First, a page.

LA Rams 2.0: Big Dog Bludgeons Fat Cats with Bigger Bucks
Here's the rich part:
Stan Kroenke basically got Los Angeles all to himself by doing what Al Davis did back in 1982.
These days, it can be termed as the Eric Cartman maneuver:
Kronke's and San Diego Chargers owner Spanos' statements would've fit perfectly in a Pravda article during the Soviet Union's heyday.
- The Rams owner could give a damn about St Louis with all that LA real estate available;
- Spanos can't stand Kroenke and has given San Diego locals every reason to revile him; and
- Raiders owner Mark Davis must be hitting every ouija board in California, trying to conjure up advice from his dad.
Back in the day, Al Davis took a hard look at his opposition's alternatives, saw that they couldn't legally stop the Raiders' move to Tinseltown, and told Pete Rozelle & Cabal to pound sand.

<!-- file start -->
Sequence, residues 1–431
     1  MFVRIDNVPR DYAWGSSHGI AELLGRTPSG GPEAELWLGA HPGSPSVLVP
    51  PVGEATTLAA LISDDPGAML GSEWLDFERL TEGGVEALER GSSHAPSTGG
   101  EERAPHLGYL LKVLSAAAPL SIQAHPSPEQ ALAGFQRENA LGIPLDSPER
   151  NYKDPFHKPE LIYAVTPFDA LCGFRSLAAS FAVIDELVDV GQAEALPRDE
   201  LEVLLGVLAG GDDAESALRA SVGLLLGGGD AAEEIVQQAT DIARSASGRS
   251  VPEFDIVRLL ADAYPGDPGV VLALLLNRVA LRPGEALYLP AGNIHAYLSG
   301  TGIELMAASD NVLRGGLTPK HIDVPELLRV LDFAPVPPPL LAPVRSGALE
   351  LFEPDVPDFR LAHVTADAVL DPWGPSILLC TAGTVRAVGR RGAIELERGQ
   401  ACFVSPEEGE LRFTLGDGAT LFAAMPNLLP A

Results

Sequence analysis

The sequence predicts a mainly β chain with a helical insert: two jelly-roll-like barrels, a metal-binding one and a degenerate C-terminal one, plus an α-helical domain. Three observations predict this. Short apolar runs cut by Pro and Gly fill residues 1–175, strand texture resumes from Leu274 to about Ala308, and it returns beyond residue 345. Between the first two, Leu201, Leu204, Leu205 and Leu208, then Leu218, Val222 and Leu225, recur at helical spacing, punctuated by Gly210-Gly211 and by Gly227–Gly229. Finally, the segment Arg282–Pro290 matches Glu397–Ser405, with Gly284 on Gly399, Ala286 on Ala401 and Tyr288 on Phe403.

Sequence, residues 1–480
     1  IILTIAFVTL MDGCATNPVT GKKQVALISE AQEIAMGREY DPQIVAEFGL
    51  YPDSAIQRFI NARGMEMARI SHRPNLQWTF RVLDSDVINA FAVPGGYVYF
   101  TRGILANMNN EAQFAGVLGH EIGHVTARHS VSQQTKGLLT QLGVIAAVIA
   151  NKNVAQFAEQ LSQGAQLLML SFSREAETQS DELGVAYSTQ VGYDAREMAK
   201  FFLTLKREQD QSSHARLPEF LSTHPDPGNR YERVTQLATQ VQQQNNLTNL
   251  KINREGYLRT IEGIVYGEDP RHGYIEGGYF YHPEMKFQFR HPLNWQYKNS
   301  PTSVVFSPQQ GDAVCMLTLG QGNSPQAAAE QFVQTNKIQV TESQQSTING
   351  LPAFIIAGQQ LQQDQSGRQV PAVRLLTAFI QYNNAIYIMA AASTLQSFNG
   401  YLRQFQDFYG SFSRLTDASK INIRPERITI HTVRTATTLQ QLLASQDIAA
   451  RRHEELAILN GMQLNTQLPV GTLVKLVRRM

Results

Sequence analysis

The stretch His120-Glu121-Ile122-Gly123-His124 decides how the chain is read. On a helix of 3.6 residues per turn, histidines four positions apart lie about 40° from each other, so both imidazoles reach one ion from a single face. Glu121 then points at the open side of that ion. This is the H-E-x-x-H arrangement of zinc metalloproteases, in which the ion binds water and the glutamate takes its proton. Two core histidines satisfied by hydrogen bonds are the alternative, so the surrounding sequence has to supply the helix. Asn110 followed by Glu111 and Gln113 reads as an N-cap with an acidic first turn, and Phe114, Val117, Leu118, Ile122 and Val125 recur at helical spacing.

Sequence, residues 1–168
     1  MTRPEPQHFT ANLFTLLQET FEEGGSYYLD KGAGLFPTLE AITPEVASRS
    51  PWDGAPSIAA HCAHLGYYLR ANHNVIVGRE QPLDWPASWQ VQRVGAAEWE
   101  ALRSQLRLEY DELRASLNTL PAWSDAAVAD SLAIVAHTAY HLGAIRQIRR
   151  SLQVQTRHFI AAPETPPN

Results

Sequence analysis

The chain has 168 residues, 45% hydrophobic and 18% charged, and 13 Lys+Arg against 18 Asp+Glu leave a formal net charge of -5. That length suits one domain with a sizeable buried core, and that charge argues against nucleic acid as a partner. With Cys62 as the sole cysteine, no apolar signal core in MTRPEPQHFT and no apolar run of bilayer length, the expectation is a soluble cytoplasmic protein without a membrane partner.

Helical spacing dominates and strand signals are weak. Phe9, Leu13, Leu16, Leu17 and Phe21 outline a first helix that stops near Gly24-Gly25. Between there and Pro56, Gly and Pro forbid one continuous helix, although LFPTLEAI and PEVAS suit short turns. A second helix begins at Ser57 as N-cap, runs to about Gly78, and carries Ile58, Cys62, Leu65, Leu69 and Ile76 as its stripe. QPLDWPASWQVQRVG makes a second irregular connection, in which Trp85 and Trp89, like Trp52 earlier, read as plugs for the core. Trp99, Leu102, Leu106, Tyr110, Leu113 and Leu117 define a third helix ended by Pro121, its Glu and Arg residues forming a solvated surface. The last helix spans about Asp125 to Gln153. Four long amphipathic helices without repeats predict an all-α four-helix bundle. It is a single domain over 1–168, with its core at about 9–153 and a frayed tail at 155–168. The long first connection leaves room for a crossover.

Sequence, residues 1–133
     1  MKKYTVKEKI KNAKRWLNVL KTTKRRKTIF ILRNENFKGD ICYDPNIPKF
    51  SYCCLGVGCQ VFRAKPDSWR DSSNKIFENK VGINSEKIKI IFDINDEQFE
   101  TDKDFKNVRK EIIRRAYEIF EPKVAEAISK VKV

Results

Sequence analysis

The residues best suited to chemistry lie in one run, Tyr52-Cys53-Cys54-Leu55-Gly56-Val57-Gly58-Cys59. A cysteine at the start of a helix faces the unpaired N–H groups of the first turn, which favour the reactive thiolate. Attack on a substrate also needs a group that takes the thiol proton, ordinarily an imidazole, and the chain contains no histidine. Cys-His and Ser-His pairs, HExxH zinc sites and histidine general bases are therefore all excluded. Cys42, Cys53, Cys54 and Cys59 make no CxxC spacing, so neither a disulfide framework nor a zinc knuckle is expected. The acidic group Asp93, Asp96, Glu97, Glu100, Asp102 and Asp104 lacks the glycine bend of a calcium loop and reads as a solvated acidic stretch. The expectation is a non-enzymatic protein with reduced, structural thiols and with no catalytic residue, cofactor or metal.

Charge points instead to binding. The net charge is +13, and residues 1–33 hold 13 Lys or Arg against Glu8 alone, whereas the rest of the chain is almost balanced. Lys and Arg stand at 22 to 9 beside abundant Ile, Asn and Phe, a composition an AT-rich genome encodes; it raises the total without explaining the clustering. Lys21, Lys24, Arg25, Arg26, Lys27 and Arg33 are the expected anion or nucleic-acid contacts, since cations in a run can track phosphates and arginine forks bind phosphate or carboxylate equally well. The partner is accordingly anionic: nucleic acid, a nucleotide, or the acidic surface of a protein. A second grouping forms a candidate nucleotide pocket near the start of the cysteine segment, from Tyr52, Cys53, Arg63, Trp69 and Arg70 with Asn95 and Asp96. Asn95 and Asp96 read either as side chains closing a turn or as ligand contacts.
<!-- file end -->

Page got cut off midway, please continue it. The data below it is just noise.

The only real difference between then and now is wallet size. It's good to marry in to the Wal-Mart fortune.
As a result, Kroenke didn't give a damn about the owners' deliberations as to how to carve up Los Angeles. All he did was drop the hammer at the appropriate moment and declare that he's gonna plop his team on land he bought.
Once he got USC and the LA Coliseum in the bag so the Rams would have a place to play for a couple of years, he tossed the owners a sop and a diplomatic way of caving -- remember, the recommendation was for the Charger-Raider deal in Carson -- Kroenke emerged with the deal he knew he'd have all along.
If there's any justice in all this, it's that Spanos has music to face in San Diego -- he can either be the No 1 tenant there or gag as a secondary revenue stream in Kroenke's empire -- and Oakland is the natural home for a team like the Raiders. That, and the fact that Kroenke is actually bankrolling most of the development instead of mega-milking Inglewood taxpayers.
So now St Louis is the NFL's tethered goat. That is, if the city still has the stomach for dealing with these weasels.